Sultan Mohammed Munadi: Shining a light in darkness

By Bob Dietz/Asia Program Coordinator on September 9, 2009 3:46 PM ET

On my first trip to Kabul for CPJ in July 2006, I met Sultan Mohammed Munadi at The New York Times bureau. Munadi, who was killed today, was working on a story when I walked in, but he took time to help me find a driver. 

For the next 10 days or so I rattled around the city in a beat-up Corolla with a broken windshield and worse shocks. The driver, also Mohammed, spoke no English, and I found that resorting to my road-block Arabic didn’t help much. So Munadi was at the top of our speed dials when we needed to communicate.

One noon it turned out that Munadi was only a block away when we called for help. He suggested we all have lunch, which we did in an Indian restaurant. I learned that driver Mohammed, wiry, grizzled, with a slight limp, wearing the traditional kalwar shameeze that was in about the same frayed condition as his Corolla, had been a fighter, an “RPG boy,” for Ahmed Shah Massoud, one of the factional leaders who waged war against the Russians. We all spoke of our families, of our children. It took a lot of explaining from me to get them to understand what CPJ was all about— I think they were both skeptical. With Munadi’s help the talk flowed easily and naturally. It was a great lunch, not for the food but for the company.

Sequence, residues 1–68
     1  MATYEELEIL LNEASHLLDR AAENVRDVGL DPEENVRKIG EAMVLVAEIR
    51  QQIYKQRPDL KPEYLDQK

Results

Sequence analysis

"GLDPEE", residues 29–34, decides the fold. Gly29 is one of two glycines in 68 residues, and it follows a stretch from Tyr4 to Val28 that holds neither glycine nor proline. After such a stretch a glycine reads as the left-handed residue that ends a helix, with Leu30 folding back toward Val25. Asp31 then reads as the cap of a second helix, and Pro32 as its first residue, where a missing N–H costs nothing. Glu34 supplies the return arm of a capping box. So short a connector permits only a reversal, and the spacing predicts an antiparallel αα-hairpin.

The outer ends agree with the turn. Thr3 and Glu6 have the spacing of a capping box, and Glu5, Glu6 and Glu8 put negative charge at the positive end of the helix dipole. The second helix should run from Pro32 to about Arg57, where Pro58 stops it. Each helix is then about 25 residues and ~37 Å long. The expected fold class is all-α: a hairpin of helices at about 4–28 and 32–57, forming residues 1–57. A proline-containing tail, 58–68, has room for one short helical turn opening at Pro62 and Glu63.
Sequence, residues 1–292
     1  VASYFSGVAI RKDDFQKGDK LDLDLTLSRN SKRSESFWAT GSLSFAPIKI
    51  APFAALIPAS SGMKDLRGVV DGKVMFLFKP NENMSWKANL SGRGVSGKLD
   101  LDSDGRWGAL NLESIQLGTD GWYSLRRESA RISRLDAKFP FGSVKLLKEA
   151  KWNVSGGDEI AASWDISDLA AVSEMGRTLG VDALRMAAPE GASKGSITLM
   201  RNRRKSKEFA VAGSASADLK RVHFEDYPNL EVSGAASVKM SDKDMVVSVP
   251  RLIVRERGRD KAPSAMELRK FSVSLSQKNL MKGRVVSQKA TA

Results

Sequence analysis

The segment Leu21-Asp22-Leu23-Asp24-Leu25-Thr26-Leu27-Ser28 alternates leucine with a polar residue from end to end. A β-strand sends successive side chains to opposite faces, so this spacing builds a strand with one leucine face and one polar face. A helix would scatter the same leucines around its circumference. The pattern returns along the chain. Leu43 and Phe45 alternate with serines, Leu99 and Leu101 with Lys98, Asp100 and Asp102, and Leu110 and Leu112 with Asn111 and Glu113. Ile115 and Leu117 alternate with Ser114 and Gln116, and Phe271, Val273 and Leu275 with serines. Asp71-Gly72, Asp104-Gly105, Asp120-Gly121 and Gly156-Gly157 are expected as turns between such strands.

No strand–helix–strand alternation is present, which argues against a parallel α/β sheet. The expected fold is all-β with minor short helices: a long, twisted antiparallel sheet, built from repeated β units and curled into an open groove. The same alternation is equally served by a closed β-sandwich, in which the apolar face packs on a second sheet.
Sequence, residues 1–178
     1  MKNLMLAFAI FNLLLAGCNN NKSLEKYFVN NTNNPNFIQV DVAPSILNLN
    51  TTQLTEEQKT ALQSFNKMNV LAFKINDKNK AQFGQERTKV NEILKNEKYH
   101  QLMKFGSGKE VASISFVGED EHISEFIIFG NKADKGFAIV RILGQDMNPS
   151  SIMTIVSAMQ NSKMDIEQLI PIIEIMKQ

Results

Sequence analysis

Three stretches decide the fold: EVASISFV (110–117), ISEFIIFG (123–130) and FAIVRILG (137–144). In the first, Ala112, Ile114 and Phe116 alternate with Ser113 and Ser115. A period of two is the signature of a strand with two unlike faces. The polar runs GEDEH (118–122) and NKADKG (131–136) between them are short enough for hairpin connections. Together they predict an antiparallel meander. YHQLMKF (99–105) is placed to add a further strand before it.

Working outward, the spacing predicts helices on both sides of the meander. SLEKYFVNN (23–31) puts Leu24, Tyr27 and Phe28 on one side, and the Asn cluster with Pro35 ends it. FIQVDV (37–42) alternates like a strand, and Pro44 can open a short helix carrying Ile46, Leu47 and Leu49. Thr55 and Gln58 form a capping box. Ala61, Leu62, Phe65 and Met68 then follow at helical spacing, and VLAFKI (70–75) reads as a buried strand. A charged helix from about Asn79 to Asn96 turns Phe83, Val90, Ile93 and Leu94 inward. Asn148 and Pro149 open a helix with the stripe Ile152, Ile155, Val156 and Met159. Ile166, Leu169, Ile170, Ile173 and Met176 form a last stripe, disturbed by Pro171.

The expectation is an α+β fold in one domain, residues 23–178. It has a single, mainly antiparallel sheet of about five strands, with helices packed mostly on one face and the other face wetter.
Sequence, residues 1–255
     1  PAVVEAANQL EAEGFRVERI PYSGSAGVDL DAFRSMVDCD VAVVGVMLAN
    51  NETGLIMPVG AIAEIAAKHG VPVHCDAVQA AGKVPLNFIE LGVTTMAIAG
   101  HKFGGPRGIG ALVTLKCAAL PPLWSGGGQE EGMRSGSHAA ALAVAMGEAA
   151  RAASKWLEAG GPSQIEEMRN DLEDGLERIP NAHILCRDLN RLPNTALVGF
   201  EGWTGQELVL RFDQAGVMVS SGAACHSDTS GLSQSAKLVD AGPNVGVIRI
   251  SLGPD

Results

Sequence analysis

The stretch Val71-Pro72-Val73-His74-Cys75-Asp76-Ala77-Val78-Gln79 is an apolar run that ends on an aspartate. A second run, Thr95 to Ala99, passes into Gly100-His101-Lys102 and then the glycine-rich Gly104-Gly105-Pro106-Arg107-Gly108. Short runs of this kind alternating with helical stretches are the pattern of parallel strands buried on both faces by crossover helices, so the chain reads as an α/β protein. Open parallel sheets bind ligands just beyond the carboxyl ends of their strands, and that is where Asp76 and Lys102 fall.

If you want to get a sense of Munadi, read his blog entry on The New York Times Web site. The full text is at “Hell? No. I Won’t Go,” but here’s a quote that reflects what men, and women, who work as journalists in Afghanistan are all about:

. . . at the age of 34, it is difficult to be away from my country. I would not leave Afghanistan. I have passed the very darkest times of my country, when there was war and insecurity. I was maybe four or five years old when we went from my village into the mountains and the caves to hide, because the Soviets were bombing. I have passed those times, and the time of the Taliban when I could not even go to Kabul, inside my country. It was like being in a prison.

In the year-end essay I wrote for the 2006 edition of our annual Attacks on the Press, I quoted Carlotta Gall, the TimesKabul bureau chief. The situation was bad in Afghanistan and getting worse, but she still saw an opportunity for a turnaround. I quoted her as saying: “The ruthlessness has increased over the year and has been specifically aimed at intimidating people. Will this become like Chechnya where journalists were attacked outright? I’m waiting to see.”

Right now, I worry that time may be arriving.


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